• Regarding the Necronomicon—I must confess that this monstrous & abhorred volume is merely a figment of my own imagination! Inventing horrible books is quite a pastime among devotees of the weird…” – Letter to Miss Margaret Sylvester (13 January 1934)

Despite Lovecraft’s assurance that the Necronomicon never existed, there’s still plenty of people searching for a copy online. A quick Google search of ‘John Dee Necronomicon’ retrieves a long list of websites claiming to have legitimate PDF scans and eBay listings selling ‘real copies’. Every one of these is a work of fiction, but that’s precisely what Lovecraft encouraged writers to do. Since he never wrote it himself, the dozens of Necronomicons available online are a wonderful addition to the Cthulhu Mythos, with varying degrees of acceptance by the Lovecraft community. My only issue with some of these fan created Necronomicons is they present themselves as real first addition collectors items and insist they’re selling a real occult text that is ‘identical to the original’. It’s one thing to play in the sandbox of Lovecraft’s weird world, but it’s another thing entirely to scam people.

But why the intrigue surrounding Dee’s copy? I suspect the simplest answer is that since Dee translated the Necronomicon into English, a language accessible by more of Lovecraft’s readers than Latin or Greek. And since Dee was a fascinating historical figure with incredibly fringe interests, anything tied to the Elizabethan scholar is likely to garner curiosity. Some people naturally take it a bit further than others and refuse to separate fiction from reality, but can we really blame them? I’d also want to get my hands on copy of the Necronomicon if it was real, surely some knowledge is worth going insane for — right?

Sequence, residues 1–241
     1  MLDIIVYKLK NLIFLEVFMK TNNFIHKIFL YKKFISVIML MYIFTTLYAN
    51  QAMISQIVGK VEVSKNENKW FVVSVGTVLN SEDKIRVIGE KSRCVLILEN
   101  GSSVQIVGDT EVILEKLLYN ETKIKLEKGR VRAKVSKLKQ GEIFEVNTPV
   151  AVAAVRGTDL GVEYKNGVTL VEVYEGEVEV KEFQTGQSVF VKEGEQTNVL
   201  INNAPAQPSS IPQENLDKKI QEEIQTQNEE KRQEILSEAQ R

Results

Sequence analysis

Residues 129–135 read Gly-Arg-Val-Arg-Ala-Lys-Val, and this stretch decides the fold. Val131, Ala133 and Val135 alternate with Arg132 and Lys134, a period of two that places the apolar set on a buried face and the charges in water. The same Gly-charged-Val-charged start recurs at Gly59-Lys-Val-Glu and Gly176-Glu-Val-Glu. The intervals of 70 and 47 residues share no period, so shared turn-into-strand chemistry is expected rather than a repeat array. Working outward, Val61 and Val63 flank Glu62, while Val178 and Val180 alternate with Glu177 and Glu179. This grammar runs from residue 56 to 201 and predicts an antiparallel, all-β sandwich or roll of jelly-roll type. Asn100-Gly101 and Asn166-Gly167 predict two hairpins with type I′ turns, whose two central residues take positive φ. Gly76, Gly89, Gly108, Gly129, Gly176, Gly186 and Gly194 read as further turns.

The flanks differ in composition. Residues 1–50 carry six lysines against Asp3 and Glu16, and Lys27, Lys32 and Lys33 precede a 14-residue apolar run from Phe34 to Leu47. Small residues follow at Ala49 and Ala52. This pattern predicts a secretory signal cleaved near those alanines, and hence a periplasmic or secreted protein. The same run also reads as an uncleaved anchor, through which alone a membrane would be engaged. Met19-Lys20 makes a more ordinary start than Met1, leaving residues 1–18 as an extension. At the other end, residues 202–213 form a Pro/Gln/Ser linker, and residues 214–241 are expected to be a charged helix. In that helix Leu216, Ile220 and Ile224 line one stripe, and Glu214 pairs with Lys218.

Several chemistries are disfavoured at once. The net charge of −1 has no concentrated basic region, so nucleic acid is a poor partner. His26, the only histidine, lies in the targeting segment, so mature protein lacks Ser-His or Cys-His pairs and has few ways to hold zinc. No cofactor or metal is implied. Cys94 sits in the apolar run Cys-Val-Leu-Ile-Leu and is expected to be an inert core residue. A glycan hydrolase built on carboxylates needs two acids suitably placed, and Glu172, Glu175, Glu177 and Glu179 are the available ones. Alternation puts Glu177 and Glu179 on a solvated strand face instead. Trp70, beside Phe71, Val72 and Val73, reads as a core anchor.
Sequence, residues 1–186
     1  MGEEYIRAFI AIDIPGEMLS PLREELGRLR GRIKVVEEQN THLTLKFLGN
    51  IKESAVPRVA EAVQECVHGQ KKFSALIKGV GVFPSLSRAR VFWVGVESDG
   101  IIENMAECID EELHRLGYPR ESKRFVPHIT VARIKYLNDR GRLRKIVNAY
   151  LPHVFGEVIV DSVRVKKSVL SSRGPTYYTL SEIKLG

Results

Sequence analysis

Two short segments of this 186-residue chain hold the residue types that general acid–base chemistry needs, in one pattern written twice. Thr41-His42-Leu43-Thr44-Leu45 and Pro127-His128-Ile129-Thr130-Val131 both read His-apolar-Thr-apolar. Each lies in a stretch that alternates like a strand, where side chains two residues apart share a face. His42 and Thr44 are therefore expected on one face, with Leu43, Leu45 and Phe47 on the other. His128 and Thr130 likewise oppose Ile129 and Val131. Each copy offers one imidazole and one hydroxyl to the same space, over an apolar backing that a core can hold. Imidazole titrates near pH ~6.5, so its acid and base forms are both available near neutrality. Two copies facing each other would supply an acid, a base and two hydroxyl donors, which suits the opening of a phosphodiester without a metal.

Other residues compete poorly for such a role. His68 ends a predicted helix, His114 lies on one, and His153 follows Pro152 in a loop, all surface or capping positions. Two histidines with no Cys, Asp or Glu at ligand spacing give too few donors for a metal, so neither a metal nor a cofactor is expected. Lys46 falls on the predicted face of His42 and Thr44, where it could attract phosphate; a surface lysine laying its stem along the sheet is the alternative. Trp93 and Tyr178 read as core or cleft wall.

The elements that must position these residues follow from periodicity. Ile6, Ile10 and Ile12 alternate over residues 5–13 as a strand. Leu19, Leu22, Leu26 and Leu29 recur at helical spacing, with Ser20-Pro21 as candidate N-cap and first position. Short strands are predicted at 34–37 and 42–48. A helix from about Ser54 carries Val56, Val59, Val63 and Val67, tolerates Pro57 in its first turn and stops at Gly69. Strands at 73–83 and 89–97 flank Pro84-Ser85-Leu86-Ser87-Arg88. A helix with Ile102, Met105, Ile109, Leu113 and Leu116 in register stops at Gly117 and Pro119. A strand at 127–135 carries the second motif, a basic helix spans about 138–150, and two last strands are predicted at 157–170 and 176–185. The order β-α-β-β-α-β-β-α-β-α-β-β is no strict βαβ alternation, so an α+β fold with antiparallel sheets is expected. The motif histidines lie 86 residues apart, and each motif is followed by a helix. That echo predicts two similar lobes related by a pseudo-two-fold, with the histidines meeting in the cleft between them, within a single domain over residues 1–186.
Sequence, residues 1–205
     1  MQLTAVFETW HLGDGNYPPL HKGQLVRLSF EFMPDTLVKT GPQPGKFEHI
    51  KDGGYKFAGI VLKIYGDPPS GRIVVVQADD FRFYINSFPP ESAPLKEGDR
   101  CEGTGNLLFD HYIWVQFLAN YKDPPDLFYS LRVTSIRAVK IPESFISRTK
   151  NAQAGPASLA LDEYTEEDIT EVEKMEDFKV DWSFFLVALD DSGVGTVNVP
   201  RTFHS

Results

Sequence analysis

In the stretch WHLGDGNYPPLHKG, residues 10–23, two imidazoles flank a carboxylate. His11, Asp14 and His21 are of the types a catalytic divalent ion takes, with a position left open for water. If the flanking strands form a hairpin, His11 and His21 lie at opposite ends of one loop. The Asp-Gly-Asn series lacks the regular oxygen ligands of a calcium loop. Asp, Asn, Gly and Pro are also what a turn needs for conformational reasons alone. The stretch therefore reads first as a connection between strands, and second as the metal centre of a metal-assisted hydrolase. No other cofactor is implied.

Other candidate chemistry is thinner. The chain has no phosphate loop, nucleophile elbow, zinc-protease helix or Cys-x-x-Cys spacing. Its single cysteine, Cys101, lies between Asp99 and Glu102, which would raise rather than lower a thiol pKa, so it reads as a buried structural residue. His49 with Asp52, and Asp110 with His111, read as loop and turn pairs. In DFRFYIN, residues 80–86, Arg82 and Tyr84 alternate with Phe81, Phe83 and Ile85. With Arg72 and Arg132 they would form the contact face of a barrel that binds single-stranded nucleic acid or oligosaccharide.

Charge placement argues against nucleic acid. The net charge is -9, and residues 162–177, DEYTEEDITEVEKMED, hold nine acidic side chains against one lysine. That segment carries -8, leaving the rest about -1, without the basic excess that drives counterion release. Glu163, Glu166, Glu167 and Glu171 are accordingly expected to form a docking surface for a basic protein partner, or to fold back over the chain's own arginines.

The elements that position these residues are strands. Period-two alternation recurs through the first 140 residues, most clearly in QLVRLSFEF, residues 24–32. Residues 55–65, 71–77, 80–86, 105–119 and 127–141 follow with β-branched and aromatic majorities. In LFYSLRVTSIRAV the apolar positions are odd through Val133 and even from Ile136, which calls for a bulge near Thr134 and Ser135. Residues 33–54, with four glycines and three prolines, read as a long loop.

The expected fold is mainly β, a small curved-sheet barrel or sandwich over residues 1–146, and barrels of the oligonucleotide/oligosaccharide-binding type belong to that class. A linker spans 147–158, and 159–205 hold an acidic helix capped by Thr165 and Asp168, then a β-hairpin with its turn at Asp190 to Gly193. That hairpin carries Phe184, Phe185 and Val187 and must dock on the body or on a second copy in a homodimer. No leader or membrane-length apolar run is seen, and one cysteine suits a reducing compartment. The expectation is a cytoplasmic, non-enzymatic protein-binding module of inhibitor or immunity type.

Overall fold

Ph’nglui mglw’nafh Cthulhu R’lyeh wgah’nagl fhtagn.

Cthulhu by Andrée Wallin

To read more about John Dee on Curious Archive, explore the John Dee tag!

Resources and Additional Reading

Den of Geek – From Lovecraft to Evil Dead: the history of the Necronomicon
How Stuff Works – How the Necronomicon Works
Royal College of Physicians – Scholar, courtier, magician: the lost library of John Dee
The HP Lovecraft Archive – The History of the Necronomicon
The HP Lovecraft Wiki – Necronomicon/Variants
The Verge – The Cult of Cthulhu: Real Prayer for a Fake Tentacle
Vox – Lovecraftian horror – and the racism at its core – explained

Ashley

Ashley is a history lover, paranormal enthusiast, and easily swayed sceptic with a BA and MA in Art History. Originally from Canada, Ashley has lived in England for the last six years and enjoys internet deep dives into peculiar histories from around the world.